Originally Posted by Shaky
I've been thinking about getting a Jeep CJ 5, or 6 as a TOAD. I like the inline 6 and light weight. Only downside is no AC. Any other similar vehicles I can pull with all 4 down, light in weight, off road capable with air?
Well Sir, I've pulled three different CJs in our Jeeping tenure. Two 7s and one 5. Now, first and foremost, 99.9999% of most CJs were not really designed or, I should say, the transfer cases in those early era Jeeps were not really designed to be FLAT TOWED, for any real length of miles. Yes, they can be and, we did it but, not without some major concerns. You see, most of the transfer cases in those, didn't do well in the "lubing" department while the output shaft was the only one turning.
They did just fine while DRIVING them but, pulling them, and, in neutral, it was iffy at best. What all of us did in that era was, we'd pull them for a while then, at rest stops or fuel stops, we'd start up the Jeeps, put the clutch in, put the transfer case back into gear and, put the trans in neutral and, let all of it spin, while we were fueling up.
That would at least, "splash" some oil, in to gears, bearings etc. that would not normally get any, when the Jeep was being towed.
Now, advance a few years. The later model "YJ" Jeeps, the ones with the square head lights, used what's called a model 231, Aluminum, chain drive, transfer case. The designers of that T/Case, used their heads. They installed a thin, (about the diameter of a CD) and about a half inch thick, rotary vein oil pump, attached to the rear out put shaft, just inside the rear tail cone.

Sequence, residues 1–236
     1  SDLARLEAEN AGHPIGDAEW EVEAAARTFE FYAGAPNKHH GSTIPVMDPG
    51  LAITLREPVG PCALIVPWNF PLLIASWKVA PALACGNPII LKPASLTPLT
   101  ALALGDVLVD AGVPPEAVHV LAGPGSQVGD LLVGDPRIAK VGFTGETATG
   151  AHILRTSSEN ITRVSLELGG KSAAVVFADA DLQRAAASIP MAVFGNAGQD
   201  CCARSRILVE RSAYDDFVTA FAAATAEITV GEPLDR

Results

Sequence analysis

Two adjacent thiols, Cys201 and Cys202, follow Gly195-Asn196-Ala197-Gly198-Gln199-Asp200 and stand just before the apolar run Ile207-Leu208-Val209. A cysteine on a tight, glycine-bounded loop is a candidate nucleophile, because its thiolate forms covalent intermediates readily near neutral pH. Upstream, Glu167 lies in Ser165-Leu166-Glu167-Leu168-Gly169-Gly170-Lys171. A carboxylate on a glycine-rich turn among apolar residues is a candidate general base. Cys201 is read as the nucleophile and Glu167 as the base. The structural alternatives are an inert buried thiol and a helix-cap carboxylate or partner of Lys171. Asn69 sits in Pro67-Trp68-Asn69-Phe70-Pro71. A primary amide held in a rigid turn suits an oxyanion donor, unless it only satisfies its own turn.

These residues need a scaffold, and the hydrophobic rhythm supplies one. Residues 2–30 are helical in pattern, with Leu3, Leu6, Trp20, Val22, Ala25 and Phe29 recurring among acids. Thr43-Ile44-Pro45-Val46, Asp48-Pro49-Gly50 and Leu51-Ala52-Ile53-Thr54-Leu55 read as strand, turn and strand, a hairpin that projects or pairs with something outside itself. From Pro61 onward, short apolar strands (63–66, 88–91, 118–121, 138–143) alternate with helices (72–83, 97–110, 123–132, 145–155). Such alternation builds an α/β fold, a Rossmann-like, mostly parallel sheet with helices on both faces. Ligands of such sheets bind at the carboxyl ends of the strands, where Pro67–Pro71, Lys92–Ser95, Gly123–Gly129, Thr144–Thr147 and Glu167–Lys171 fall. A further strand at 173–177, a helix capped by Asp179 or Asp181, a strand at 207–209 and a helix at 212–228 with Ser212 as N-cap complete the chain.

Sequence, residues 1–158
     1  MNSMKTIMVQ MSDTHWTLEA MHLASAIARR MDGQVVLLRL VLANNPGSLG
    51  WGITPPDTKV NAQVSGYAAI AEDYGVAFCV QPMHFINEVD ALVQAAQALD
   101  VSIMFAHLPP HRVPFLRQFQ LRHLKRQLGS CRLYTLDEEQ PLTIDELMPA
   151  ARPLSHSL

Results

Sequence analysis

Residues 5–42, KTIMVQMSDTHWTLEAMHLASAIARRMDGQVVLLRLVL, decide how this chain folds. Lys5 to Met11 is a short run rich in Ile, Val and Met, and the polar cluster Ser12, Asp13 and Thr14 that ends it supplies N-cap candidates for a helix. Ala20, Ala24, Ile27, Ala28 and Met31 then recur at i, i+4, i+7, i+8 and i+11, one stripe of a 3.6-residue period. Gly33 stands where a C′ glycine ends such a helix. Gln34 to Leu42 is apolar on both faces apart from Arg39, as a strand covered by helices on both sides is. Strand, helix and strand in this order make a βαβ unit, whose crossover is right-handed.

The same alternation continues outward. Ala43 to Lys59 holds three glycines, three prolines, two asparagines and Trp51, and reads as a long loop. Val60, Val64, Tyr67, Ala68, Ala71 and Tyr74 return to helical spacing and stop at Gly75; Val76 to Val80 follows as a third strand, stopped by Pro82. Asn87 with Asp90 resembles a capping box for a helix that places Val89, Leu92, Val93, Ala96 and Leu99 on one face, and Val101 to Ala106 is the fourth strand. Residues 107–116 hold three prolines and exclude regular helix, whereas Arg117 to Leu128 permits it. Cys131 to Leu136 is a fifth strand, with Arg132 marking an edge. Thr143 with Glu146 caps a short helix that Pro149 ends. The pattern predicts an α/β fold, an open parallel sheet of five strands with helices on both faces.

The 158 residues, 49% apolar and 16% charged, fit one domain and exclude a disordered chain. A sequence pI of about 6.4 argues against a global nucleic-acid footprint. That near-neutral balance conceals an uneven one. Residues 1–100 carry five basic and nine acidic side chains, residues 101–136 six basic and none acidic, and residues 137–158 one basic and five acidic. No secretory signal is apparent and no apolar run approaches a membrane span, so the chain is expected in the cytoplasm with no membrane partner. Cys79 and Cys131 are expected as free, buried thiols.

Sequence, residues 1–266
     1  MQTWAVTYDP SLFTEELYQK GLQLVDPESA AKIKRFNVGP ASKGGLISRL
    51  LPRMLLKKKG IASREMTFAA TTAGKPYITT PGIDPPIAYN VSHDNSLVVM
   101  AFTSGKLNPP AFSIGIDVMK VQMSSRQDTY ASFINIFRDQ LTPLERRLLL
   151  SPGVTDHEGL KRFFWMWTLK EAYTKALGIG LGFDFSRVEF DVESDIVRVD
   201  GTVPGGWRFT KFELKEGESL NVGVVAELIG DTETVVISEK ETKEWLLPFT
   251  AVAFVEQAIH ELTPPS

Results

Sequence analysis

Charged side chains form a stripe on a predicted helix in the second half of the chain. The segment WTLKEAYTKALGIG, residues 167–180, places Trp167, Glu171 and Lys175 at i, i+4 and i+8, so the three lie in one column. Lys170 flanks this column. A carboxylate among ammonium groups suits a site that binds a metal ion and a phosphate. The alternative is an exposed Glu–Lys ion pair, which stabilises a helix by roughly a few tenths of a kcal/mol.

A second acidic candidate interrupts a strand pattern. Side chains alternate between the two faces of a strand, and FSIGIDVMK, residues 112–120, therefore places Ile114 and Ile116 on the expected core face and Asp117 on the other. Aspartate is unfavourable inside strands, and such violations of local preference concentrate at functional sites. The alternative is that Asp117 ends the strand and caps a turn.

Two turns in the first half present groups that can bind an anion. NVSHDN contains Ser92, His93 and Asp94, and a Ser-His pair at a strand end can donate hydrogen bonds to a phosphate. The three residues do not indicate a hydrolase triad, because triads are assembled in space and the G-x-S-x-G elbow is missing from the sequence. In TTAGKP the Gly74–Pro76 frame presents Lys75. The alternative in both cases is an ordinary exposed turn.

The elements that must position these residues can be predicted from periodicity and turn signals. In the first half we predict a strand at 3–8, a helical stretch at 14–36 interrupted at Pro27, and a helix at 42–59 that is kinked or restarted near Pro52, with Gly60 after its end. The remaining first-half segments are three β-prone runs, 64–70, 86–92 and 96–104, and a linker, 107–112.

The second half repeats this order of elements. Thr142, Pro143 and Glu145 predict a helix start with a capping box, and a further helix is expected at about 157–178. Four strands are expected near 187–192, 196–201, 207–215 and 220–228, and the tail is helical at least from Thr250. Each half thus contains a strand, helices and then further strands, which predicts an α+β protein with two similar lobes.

That oil pump, would spin, when the Jeep was flat towed. And that, was a major improvement when it came to being at ease in towing Jeeps. The next model units, called the "TJ" model, were and are, all flat towable unless you find some insanely rare unit that is a two wheel drive model. As is all the JK models and same "two wheel drive restrictions" apply.
Now, what ever you may have heard, Jeeps are not LIGHT! In fact, if you go weigh, the average CJ, you'll find it's seriously close to 4,000 lbs. As are most of the factory Wrangers, from that point on, 'till even the ones produced today. The more they're equipped, raised, larger tires, roll bars, side bars, heavy duty bumpers, skid plates, and more, the more they'll weigh. Most of ours, because they were built so radically, hovered right close to 5,000 or more pounds.
Now, if you want light, there's quite a few "flat tow" toads out there. The Honda CRV comes to mind, with the exception of the '15 model year, Honda screwed that one up so it can't be towed.
There's many more lighter, smaller flat tow toads out there but, if you're looking at using a Jeep in multiple atmospheres, i.e. off road, trails, snow trailing, some sand, mountain back roads, exploratory stuff, then you cannot simply beat a JEEP, just about any model. They are outstanding for that.
They are, just OK for street driving. It's a matter of opinion on what's "OK" and what's not. The only Jeeps I've not had the pleasure of driving is the newer JK models. I hear they're pretty good in the ride department. But, they're also way up there in price. The newer the model year, and of course like any other toad, the better equipped from the factory, the more you're going to pay. But, in that, you'll also get a much nicer "daily driver too". It all depends on just what you intend on using that toad for, when it's not being towed behind your coach.
So, hope this helps some. Good luck.